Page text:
Mayan Mendacity by L.J.M. Owen

Having really enjoyed the first book in the Dr Pimms, Intermillennial Sleuth series, Olmec Obiturary, I was looking forward to seeing where the second instalment, Mayan Mendacity took the reader. I was not disappointed.

In this book, Dr Elizabeth Pimms, now a librarian, is once more asked to help catalogue bones from an ancient site – this time, from the Mayan civilisation. As her fiancé was present at the dig, the invitation to be involved holds a special place in Elizabeth’s heart, a heart that’s about to be tested in all manner of ways as her emotions, her beloved family, and so much more are soon threatened.

Segueing between the present and Elizabeth’s (sabotaged) attempts to find the answers the head of the research team requests and the Mayan period, the novel is fast-paced and filled with fascinating facts – about the Mayans as well as the steps undertaken to record and discover the secrets the bones contain.

The more answers Elizabeth discovers, it seems the more questions she needs to ask – and not only about her professional life, but her increasingly complicated personal one as well.

What I really enjoy about these books is the light touch of the writer. Despite dealing with some heavy themes, the novel is not weighed down by them, but cruises along at a good pace, keeping you turning the pages. Exposition is well-balanced with more descriptive prose and character and plot building. There is, however, one story-line exception (which was frankly, a weakly executed and featured two characters that were more caricatures than fleshed out – but I can forgive it because the rest is very well done). Mostly, the storyline is tight and the people populating the story utterly endearing. I particularly like the Pimms family. In this book, Owen has fleshed them out even more, and it’s hard not to envy Elizabeth such a supportive and madcap family, with such rich and complicated cultural roots. Any chapter involving them was always a pleasure and their meals were the stuff of foodie dreams. It’s not surprising then that at the back of the book are pages of recipes – all of which sound both delicious and very complicated!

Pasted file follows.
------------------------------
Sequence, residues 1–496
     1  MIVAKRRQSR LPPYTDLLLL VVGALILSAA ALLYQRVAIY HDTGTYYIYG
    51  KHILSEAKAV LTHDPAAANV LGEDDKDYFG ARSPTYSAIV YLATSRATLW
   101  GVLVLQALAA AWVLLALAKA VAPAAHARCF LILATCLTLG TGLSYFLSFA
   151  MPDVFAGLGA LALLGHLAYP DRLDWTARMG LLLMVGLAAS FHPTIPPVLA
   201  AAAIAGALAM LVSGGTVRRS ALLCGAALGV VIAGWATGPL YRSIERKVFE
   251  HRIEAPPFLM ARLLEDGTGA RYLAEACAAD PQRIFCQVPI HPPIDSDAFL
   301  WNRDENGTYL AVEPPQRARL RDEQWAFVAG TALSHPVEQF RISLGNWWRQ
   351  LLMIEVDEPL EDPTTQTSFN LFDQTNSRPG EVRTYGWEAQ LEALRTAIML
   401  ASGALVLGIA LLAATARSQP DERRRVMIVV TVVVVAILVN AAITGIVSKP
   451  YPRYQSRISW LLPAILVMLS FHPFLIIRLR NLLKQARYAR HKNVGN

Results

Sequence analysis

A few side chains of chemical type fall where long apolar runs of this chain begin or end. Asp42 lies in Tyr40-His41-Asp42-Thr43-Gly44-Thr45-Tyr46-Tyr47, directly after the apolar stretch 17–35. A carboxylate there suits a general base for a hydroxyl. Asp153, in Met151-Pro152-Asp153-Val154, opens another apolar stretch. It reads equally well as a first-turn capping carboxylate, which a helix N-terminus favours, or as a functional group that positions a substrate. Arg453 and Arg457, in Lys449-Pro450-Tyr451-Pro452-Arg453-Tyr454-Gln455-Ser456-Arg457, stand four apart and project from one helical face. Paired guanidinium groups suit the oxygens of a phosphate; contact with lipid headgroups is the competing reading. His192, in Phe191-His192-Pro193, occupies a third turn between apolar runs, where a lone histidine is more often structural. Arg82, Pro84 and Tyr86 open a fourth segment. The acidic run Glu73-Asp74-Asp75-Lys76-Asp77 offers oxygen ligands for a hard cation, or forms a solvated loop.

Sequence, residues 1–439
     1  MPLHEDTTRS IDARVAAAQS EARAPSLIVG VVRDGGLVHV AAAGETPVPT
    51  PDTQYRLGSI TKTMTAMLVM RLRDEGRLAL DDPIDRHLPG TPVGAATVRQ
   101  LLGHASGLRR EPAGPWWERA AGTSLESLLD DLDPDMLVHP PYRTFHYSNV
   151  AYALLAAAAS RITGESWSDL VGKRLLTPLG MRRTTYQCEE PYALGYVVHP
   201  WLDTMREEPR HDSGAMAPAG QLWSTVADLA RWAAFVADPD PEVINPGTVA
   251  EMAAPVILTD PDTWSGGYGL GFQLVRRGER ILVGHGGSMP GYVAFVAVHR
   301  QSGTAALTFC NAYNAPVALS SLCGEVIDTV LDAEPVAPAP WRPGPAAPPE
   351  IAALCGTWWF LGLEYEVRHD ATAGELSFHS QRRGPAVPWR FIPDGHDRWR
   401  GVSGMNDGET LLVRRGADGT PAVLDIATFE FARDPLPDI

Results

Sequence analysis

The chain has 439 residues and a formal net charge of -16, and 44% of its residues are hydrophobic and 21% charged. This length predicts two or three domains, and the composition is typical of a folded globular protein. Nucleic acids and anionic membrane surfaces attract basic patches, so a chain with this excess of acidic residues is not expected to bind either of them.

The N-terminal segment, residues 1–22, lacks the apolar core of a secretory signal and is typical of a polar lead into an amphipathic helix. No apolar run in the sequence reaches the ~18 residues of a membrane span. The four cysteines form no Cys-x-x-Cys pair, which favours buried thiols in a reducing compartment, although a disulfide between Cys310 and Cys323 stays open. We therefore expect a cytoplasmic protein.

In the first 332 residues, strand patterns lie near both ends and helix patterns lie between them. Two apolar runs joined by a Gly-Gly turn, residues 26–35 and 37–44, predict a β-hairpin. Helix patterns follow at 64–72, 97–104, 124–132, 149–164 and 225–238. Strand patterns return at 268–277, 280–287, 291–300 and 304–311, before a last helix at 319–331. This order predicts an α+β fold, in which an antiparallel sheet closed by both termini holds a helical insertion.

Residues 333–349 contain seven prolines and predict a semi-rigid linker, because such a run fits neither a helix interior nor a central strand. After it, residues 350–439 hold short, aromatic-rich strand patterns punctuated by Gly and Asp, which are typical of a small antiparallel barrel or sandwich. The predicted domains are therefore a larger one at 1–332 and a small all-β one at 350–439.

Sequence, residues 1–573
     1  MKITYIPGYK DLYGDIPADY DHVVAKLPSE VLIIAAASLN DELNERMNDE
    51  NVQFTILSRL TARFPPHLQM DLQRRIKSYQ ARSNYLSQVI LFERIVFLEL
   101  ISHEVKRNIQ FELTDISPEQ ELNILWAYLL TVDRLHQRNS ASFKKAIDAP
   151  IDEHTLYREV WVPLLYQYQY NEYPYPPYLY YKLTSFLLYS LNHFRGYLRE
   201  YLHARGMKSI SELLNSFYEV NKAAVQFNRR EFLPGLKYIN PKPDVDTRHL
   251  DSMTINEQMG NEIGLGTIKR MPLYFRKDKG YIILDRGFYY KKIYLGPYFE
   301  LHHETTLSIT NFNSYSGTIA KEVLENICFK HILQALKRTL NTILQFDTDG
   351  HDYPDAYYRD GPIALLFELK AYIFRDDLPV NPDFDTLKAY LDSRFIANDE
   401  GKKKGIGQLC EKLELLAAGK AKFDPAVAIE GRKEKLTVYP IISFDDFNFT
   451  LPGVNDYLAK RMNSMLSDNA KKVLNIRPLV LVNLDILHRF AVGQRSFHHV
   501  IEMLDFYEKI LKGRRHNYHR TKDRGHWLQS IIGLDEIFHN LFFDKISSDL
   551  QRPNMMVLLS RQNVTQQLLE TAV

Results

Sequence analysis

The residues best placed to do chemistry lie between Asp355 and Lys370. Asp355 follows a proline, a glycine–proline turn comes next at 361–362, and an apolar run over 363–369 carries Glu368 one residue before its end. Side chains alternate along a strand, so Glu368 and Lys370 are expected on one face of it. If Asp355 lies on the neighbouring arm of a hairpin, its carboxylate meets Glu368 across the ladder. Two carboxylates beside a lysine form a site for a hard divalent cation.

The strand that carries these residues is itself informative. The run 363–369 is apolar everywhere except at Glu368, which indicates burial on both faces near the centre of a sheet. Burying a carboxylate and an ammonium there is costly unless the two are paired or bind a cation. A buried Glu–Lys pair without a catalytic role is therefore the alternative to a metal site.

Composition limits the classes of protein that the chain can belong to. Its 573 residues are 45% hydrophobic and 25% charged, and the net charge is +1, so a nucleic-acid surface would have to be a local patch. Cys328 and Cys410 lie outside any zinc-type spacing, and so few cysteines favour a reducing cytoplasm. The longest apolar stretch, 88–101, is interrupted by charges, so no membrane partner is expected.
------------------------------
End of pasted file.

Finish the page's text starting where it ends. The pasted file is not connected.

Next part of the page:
This is proving to be a delightful series, and I am very much looking forward to stepping out with Dr Pimms on her next very cold case.



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Mercy by Jussi Adler-Olson

11316562-1While this is the first book by Jussi Adler-Olson I have read, the inaugural novel in the Department Q series, titled Mercy of The Keeper of Lost Causes, won’t be the last.

Deputy Detective Superintendent, Carl Mork, returns to work after surviving a situation that kills one colleague and permanently paralyses another. Unpopular, argumentative and prone to alienating his peers, Carl is nonetheless an excellent cop, something his reasonable boss recognises and, in a sense, rewards when he places him in charge of a new department, called Q that’s responsible for cold cases. Given an inexperienced non-law enforcement but canny assistant who is quirky and intelligent, Carl isn’t keen on his new assignment, but when he starts to look into the circumstances surrounding the mysterious disappearance and assumed death of a successful and beautiful politician five years earlier, Carl discovers discrepancies in the case; discrepancies and oversights that lead him and his accidental new partner down unexpected and ultimately very dangerous paths…